Associations: Margaret Atwood was President of the Writers' Union of Canada from May 1981 to May 1982, and was President of International P.E.N., Canadian Centre (English Speaking) from 1984-1986. She and Graeme Gibson are the Joint Honourary Presidents of the Rare Bird Society within BirdLife International. Ms. Atwood is also a current Vice-President of PEN International.
In Margaret Atwood: Once in August, filmmaker Michael Rubbo attempts to discover what shapes the celebrated writer's fiction and what motivates her characters. As one of Canada's most distinguished poets and novelists, Atwood is also one of this country's most elusive literary figures.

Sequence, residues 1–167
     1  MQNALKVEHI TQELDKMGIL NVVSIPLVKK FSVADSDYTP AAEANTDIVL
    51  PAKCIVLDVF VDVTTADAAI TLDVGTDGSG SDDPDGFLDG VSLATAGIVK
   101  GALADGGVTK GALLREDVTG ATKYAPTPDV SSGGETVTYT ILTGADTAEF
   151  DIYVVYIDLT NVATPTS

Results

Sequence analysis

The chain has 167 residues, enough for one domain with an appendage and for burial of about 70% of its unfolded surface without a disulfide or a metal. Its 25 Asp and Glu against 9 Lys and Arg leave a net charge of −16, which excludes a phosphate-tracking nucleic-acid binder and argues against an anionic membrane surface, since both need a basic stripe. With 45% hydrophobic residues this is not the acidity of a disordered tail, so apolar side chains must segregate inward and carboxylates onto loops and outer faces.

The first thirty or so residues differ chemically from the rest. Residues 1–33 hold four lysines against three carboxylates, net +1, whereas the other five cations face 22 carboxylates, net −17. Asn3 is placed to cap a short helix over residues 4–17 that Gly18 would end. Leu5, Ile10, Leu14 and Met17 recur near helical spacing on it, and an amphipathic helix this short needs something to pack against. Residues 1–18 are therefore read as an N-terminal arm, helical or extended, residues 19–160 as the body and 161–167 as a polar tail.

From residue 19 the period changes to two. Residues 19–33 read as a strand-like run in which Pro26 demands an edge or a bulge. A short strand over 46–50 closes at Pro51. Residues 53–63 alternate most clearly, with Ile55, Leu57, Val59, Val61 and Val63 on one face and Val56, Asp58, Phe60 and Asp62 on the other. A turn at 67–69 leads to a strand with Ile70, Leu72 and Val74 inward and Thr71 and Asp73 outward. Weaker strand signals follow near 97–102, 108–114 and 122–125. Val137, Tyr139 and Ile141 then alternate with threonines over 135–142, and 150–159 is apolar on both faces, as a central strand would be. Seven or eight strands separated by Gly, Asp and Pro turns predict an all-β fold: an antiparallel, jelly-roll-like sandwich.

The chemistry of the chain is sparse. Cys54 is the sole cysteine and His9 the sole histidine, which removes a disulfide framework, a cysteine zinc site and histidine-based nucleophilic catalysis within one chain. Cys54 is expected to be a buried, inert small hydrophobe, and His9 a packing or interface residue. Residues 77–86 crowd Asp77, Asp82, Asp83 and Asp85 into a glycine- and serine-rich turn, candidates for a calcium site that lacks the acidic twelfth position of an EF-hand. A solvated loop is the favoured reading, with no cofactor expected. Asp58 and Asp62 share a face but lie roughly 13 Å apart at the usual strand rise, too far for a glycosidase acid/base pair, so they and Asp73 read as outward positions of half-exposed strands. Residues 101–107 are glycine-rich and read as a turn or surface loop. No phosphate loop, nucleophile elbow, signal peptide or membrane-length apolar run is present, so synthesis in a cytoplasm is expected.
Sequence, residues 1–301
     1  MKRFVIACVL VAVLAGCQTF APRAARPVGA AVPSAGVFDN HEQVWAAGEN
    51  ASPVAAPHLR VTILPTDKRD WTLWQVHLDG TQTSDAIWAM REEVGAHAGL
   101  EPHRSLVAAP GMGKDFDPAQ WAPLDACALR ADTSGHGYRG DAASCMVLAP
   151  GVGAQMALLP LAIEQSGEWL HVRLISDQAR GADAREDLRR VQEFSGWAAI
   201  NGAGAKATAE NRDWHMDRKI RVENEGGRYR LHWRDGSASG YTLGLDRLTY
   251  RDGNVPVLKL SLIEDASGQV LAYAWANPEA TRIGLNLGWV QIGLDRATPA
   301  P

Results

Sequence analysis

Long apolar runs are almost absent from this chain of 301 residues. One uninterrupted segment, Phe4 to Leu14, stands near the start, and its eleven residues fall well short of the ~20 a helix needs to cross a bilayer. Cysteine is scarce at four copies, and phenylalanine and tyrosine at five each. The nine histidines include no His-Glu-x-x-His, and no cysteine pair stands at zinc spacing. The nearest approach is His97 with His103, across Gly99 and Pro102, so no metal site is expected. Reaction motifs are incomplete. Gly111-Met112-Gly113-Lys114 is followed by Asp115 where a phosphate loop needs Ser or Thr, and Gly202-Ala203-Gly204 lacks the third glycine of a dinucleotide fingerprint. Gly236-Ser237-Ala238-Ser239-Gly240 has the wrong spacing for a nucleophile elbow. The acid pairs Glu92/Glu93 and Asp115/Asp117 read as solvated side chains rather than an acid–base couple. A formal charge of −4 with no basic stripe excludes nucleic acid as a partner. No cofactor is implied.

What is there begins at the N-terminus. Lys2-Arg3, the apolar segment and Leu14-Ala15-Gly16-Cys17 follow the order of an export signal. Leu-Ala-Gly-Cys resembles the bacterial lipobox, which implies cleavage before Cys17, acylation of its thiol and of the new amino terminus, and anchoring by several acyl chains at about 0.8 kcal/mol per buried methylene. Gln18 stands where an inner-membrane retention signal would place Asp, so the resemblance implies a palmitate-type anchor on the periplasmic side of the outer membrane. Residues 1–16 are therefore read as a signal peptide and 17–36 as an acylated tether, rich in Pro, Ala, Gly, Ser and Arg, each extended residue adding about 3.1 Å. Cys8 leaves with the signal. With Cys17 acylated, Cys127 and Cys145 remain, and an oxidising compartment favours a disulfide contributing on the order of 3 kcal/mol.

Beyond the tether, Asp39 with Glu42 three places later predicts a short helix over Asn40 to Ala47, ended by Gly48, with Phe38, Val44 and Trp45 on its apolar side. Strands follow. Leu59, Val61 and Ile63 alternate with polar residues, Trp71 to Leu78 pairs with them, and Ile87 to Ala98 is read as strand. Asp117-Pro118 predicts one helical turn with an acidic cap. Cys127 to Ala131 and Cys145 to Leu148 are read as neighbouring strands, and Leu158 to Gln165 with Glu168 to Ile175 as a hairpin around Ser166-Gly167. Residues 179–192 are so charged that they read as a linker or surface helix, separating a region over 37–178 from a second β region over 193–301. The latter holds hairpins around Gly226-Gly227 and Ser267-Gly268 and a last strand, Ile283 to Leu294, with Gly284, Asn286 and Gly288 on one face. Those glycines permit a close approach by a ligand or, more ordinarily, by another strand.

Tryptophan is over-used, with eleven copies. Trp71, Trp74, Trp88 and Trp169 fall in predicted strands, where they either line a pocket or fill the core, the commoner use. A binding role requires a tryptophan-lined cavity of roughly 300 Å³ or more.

Margaret Atwood was born on November 18, 1939, in Ottawa, Canada, the second of three children. Her father was an etymologist assigned to a research station in the chilly northlands of Quebec where there were no theaters and poor radio reception; so, Atwood decided to become a writer. She thought that in order to do so and be of any importance, she would have to become mysterious and aloof, sickly and enigmatic--that she would have to live in a garret, dress in black, smoke cigarettes, drink absinthe, and have lovers whom, she said, "I would discard in appropriate ways, though I drew the line at bloodshed. (I was, after all, a nice Canadian girl.)"